SUSE, an Attachmate Business Unit, and Xamarin, a startup co-founded by Mono legend Miguel de Icaza, are partnering to provide continued support for Mono, the open-source .NET Framework. The agreement grants Xamarin a broad, perpetual license to all intellectual property covering Mono, MonoTouch, Mono for Android, and Mono Tools for Visual Studio. Xamarin will assume support for these products and continue to develop and sell them. Existing customers can purchase upgrades. Priority support is also available for an extra fee.
Xamarin’s immediate plans for both MonoTouch and Mono for Android is to make sure that the major bugs are fixed. I just received notification today that a critical bug open in MonoTools since last October has finally been assigned to be fixed. This is excellent news for .NET developers and provides further evidence that .NET isn’t dead. Xamarin provides the best way to build fast, native .NET apps on iOS and Android.
SUSE/Xamarin Press Release
Announcement by Miguel de Icaza
In spite of having a decade head start with Windows Mobile and the Pocket PC, Microsoft somehow completely missed the initial smartphone wave and is now playing a desperate game of catchup.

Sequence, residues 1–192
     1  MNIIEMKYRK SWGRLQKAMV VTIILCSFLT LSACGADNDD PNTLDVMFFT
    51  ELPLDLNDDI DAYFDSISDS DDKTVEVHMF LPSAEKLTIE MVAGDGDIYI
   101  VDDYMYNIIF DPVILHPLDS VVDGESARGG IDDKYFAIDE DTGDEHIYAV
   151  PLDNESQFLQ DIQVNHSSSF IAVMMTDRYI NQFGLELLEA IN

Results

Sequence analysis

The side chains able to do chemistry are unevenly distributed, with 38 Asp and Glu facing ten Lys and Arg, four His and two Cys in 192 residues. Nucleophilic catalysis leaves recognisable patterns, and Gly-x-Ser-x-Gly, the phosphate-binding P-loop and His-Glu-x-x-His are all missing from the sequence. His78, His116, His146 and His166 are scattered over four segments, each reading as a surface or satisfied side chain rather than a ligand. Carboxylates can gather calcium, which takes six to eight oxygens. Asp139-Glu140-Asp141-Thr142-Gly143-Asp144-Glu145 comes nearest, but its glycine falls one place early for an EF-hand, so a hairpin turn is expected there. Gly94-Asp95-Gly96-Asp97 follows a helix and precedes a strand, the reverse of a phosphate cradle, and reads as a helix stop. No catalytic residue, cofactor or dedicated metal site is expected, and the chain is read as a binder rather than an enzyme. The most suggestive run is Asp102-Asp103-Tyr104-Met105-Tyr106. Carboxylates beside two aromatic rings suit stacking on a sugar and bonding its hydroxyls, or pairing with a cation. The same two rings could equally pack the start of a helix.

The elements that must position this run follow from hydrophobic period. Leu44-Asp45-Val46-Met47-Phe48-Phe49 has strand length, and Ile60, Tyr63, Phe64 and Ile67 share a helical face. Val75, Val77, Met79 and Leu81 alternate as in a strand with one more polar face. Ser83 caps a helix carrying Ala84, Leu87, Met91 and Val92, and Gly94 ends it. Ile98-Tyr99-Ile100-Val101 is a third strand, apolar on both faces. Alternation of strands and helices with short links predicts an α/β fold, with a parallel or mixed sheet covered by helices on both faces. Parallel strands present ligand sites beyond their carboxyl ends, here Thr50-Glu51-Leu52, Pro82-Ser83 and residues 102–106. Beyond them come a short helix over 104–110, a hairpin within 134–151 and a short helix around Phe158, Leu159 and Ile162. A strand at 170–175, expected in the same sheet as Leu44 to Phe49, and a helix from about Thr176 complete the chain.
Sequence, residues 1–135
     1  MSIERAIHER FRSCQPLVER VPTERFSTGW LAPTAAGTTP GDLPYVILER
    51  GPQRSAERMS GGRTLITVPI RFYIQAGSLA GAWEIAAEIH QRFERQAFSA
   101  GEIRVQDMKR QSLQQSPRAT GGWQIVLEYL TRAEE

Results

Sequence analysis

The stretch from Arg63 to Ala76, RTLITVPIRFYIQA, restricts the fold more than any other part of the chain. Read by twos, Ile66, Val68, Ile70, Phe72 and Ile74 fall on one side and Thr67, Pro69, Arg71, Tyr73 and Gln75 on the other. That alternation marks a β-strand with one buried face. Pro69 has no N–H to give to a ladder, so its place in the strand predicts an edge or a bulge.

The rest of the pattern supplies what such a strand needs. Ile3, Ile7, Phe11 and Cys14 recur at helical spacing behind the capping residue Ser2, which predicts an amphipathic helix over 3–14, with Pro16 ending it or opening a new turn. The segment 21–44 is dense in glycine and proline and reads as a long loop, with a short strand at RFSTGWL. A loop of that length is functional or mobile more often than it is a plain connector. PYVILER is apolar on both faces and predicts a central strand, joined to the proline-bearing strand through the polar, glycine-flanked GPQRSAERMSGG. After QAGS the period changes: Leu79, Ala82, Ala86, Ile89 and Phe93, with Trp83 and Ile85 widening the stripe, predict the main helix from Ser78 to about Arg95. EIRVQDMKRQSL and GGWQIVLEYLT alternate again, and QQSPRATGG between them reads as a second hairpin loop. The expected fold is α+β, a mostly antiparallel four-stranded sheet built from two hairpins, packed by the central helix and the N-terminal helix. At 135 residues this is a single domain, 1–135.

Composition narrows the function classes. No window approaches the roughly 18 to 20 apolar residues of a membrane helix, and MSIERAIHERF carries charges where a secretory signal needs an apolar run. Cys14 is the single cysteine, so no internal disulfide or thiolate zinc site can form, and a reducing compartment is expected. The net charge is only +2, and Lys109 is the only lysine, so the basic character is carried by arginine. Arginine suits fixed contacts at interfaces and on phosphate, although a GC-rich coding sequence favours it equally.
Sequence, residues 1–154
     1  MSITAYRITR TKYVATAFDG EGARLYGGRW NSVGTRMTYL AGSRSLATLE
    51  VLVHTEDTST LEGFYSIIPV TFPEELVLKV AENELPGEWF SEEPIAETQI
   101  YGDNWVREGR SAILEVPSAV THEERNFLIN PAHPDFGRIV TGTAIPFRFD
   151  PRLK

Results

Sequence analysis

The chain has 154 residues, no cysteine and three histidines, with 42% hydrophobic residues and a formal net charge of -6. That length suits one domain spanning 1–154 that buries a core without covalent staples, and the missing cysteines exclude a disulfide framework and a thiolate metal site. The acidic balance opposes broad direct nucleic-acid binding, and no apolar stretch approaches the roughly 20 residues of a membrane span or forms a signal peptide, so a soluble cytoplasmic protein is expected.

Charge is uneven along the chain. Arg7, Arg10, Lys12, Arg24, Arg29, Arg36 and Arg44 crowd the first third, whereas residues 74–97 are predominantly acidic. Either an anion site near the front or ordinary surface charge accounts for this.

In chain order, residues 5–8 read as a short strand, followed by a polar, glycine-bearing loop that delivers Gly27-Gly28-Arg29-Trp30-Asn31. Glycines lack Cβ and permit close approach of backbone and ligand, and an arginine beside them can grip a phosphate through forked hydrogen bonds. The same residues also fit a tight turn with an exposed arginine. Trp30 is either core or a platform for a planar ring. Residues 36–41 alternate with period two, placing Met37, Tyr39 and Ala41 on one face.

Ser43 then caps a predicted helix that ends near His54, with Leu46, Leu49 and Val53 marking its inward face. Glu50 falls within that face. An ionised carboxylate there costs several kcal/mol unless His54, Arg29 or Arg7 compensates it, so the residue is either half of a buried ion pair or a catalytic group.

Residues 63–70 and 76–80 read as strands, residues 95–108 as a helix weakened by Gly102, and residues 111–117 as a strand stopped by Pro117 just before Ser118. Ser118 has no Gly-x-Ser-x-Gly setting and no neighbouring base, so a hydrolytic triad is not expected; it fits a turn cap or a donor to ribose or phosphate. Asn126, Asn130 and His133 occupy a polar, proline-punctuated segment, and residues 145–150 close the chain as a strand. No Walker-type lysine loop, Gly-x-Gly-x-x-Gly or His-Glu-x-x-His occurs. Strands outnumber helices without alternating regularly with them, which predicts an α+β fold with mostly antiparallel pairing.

Apple released its first iPhone in 2007, essentially defined the smartphone ecosystem, and jumped to an impressive early lead. But with a more open platform and cheaper hardware, Google Android has grabbed a commanding 35% share of smartphone subscribers. Apple is holding flat around 25%.
Microsoft entered the smartphone market late in 2010 with Windows Phone 7 (WP7), which was already generations behind competing platforms and lacked key features like copy/paste and multitasking. WP7 is also incompatible with previous versions of Windows Mobile, so existing users have no allegiance to the new Windows phones, and hence are just as likely to switch to iPhone or Android. As a result, Microsoft’s share of the smartphone market is only 8% and dropping.
Continue reading »